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County begins to feel heat from loss of casino share

(March 13, 2015) Senate Bill 57, also known as the Budget Reconciliation and Financing Act of 2015, proposes to take millions of dollars away from the counties, and at a time when it is anything but convenient.

Among numerous other adjustments, the measure would take more than $4 million out of local impact grants from casinos and place it into the state’s Education Trust Fund, not just this year, but next year as well.

It’s not that Worcester or other counties that get a slice of the gambling problems would get no money this year and next, but they will get less at a time when it and other governments are scrambling.

“It’s one thing to say we’re taking money away next year, but it’s really tough for them to say they’re taking it away this year,” county Assistant Treasurer Jennifer Swanton said this week.

The net reduction for Worcester, Ocean City, Berlin and Ocean Pines, all of which benefit from casino impact grants, would be roughly $295,000 this year and $285,000 next year.

That would still leave $2.3 million in 2015 and $2.5 million in 2016 to be distributed locally as impact grants, but Worcester had been planning on all, as opposed to some, of its share.

It gets 60 percent of the local impact grant, while Ocean City receives 20 percent and Berlin and Ocean Pines each receive 10 percent.

County Treasurer Phil Thompson said the money delivered from casino funds has a broad range of uses, as long as the county uses it for county residents. The county could not, for example, use its share of the casino money to repair a bridge in Pocomoke City or to pay the electric bill for Furnace Town.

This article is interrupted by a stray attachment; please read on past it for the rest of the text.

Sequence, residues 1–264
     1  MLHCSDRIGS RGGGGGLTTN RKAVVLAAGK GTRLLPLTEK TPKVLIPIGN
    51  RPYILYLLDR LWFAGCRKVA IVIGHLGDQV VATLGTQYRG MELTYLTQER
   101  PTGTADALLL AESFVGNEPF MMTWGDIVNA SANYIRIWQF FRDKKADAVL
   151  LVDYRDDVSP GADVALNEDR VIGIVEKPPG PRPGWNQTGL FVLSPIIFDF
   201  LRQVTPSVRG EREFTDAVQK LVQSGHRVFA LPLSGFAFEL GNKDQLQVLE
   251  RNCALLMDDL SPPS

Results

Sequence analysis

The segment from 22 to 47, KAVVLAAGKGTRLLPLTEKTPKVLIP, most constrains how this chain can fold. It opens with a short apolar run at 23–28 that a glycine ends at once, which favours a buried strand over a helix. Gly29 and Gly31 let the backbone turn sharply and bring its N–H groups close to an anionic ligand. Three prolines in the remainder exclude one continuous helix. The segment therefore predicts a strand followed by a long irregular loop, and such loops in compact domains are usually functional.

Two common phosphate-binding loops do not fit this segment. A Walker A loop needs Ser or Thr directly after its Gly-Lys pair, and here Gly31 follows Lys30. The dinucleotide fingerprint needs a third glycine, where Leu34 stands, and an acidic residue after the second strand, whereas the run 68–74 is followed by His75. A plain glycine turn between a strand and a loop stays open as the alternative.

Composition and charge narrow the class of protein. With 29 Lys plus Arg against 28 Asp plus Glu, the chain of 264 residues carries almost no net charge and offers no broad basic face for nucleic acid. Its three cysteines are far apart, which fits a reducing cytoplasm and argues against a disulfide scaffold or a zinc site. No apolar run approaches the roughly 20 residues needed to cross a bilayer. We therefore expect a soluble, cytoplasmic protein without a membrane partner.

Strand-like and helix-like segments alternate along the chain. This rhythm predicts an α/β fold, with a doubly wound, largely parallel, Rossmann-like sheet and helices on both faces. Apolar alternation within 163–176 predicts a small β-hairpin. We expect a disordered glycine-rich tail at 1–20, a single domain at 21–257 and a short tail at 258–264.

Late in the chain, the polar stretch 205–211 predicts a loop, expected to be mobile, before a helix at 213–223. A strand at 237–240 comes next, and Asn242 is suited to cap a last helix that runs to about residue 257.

But it can be used to pay down other expenses, as Worcester has been doing with the bond issue for the Worcester County Technical High School.

The county began that practice in fiscal year 2014, when the starting casino fund balance was almost $3.2 million. Revenue to the county for that year was $1.4 million and the payment amount for the school was $2 million.

Bond payments for the school are expected to hover around $2.5 million per year until it’s paid off in 2022. Meanwhile, should the SB 57 pass, the county would have to find close to $200,000 elsewhere to continue paying down the bond at the same rate.

The county commissioners have delivered a letter to Annapolis urging legislators to reconsider this option. Swanton said their reasoning is the money being withdrawn from the county by the state to help cover its commitment to education is already being used for education.

The measure had a hearing in the Senate on March 4 before the Budget and Taxation committee, but its status has not been updated since then on the official General Assembly website.

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